Another opportunity to hideaway behind the camera presented itself recently on a trip to the Chicago Botanic Garden. This is my favorite time of year at the Garden, the colors are so spectacular.
Speaking of hiding away, I wonder if you can spot the chipmunk in this picture, helping himself to a tasty snack. I had a hard time pinning him down, he moved around so quickly, but he stopped just long enough for me to snap this one.
This week, Ann-Christine has chosen Hideaway as the topic for the Lens-Artists Photo Challenge. My hideaway may seem strange to many but this is my take on it. Being rather an introvert by nature, I feel more comfortable behind the camera than in front of it and photography seemed like an ideal hobby for me to pursue. I like the feeling of invisibility that it gives me while looking through the viewfinder, as though I’m the only person in the place. So that’s my hideaway, wherever I happen to be, behind the camera, which in this instance was Cantigny Park in Wheaton.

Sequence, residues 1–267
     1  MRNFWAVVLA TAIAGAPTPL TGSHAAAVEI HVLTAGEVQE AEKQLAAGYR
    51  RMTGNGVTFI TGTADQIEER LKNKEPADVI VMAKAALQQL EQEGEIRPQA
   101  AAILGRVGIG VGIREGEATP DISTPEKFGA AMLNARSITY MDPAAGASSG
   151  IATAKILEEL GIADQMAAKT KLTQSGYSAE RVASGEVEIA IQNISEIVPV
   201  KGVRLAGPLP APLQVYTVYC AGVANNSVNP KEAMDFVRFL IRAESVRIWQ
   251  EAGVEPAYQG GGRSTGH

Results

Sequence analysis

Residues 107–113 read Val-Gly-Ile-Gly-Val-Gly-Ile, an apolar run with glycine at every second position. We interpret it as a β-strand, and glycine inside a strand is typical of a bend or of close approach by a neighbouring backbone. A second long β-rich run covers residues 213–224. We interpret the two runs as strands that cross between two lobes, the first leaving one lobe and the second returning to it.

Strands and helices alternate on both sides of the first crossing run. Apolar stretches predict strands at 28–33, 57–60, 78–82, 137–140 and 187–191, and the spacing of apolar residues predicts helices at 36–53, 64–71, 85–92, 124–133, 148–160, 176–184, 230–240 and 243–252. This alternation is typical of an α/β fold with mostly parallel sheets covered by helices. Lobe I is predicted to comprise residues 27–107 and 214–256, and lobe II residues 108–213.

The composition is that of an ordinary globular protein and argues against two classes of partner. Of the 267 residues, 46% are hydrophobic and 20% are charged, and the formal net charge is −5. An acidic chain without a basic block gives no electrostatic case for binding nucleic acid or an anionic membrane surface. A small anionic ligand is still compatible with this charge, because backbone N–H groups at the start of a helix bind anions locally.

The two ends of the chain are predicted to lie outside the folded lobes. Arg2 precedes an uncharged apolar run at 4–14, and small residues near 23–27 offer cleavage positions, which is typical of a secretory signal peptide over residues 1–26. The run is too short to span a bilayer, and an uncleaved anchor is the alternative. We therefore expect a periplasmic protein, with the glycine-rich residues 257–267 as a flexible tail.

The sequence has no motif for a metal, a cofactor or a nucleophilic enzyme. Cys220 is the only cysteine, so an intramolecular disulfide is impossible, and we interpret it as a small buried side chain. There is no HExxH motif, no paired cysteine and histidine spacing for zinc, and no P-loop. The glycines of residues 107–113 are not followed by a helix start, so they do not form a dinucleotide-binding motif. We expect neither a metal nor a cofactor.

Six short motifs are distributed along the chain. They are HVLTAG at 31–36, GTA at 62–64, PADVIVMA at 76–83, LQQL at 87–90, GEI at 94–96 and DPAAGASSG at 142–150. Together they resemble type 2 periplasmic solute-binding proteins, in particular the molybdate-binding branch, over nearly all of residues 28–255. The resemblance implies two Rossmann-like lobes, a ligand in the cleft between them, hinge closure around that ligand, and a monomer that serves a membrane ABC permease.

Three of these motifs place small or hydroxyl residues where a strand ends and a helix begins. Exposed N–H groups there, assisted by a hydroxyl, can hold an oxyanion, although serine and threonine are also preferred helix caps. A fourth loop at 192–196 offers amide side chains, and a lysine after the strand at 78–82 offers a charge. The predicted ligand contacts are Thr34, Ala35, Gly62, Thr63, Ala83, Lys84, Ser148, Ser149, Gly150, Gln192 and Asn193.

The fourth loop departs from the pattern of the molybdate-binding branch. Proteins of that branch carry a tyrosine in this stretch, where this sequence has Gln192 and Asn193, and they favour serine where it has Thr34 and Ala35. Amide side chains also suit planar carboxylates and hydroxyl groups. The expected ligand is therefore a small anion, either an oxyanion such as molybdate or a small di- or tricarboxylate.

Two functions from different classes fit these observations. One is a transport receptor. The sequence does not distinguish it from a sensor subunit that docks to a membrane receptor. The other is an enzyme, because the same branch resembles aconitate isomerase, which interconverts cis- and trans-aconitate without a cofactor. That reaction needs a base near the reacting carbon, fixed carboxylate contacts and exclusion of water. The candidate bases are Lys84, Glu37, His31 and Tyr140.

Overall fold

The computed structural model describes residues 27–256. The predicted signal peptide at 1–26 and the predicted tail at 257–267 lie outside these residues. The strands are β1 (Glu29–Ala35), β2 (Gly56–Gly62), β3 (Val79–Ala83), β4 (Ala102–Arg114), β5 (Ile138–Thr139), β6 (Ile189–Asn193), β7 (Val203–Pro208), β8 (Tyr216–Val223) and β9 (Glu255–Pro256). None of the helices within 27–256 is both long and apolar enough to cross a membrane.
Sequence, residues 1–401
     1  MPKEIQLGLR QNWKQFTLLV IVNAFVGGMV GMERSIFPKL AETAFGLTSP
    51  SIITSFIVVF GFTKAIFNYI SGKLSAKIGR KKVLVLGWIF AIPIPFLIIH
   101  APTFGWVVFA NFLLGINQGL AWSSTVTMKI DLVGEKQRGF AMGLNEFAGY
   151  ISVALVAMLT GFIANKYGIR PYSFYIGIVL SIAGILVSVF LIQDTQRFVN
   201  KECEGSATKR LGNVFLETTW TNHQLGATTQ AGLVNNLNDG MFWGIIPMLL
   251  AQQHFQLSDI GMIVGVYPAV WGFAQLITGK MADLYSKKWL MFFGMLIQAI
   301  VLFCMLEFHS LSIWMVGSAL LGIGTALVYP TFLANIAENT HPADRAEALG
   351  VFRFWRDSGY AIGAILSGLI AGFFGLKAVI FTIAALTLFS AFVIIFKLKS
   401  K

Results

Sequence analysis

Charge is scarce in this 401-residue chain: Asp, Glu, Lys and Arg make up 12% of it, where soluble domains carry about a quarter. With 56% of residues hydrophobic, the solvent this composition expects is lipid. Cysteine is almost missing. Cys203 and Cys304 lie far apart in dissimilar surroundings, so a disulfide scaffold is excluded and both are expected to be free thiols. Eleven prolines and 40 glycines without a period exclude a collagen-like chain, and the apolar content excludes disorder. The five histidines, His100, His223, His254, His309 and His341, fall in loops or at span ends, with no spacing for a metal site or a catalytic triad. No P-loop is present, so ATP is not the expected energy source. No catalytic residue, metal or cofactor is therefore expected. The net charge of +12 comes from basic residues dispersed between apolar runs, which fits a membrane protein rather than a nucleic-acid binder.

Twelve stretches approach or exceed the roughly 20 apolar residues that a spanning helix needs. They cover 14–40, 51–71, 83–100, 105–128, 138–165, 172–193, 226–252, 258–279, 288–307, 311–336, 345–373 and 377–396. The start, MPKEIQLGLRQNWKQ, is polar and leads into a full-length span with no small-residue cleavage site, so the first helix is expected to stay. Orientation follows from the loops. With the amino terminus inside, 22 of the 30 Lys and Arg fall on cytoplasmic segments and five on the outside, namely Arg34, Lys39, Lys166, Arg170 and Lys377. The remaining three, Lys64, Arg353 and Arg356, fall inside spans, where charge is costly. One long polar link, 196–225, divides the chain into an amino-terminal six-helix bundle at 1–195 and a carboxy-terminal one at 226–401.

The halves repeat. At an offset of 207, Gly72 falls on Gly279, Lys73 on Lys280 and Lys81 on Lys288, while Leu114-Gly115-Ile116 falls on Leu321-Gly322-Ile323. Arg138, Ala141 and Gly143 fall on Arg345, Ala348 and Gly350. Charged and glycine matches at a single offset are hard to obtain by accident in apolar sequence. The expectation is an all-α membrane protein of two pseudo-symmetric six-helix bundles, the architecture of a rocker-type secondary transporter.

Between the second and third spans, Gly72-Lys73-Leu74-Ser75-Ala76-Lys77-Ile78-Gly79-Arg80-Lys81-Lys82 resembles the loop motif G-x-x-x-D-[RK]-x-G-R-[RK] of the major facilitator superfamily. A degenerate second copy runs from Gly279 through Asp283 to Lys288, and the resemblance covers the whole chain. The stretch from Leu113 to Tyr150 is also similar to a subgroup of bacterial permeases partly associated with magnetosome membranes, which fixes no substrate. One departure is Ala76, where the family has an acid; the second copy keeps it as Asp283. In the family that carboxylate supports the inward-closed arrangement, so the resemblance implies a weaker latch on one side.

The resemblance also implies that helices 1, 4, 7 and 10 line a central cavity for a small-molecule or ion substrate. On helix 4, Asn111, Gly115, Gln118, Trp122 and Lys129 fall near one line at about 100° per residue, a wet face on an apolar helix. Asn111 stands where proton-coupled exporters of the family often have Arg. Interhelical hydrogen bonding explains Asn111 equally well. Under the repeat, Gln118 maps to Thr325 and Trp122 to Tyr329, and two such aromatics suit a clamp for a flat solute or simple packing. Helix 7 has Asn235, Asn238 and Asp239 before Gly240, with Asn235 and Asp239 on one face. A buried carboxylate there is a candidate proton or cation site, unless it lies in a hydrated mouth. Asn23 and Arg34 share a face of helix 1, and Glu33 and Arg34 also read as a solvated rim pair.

Just prior to us cutting down the last of the sunflowers in the garden, the goldfinches went on a feeding frenzy. It was as if they knew that they’d better make the most of what was left. (Just as an aside, I dislike this new block editing thing intensely, but, like everything else, I expect I’ll get used to it.)